The commission’s Sept. 27 order also found that a protest from Maine Gov. Paul LePage lay outside its jurisdiction. LePage alleged that Emera would recover the cost of the discounts from the state’s retail customers, but FERC said retail rates are regulated by the Maine Public Utilities Commission. “Our findings here are limited to whether Emera Maine’s proposed commission-jurisdictional wholesale rates are just and reasonable,” FERC said.
ReEnergy owns a 39-MW biomass-fueled power plant in Ashland and a 37-MW biomass plant in Fort Fairfield. Both facilities have market-based rates and are allowed to sell their output into ISO-NE’s energy, capacity and ancillary services markets.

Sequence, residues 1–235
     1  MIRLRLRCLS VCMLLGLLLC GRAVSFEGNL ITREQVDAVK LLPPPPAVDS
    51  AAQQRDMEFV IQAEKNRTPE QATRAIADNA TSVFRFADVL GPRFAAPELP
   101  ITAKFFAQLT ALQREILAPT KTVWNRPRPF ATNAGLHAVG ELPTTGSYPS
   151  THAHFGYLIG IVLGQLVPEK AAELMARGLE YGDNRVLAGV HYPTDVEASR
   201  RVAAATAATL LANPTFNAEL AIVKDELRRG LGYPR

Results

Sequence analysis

Under the agreements, Emera will provide non-firm transmission service from the two ReEnergy facilities to ISO-NE for $0/MW-month for Oct. 1, 2018, through Dec. 31, 2019, and $1,132/MW-month for Jan. 1, 2020, through Dec. 31, 2020.
ReEnergy said the discounts were needed to remain in business because of the pancaked transmission charges they pay to move energy to the ISO-NE market.
Emera would provide service to the plants through the Maine Public District transmission system, which is not directly interconnected with any portion of the U.S. transmission grid. Entities interconnected with it can only access the New England grid over transmission facilities in New Brunswick, Canada, which NB Power owns and operates.
Emera said it agreed to the discounts because ReEnergy provides jobs in northern Maine.
— Michael Kuser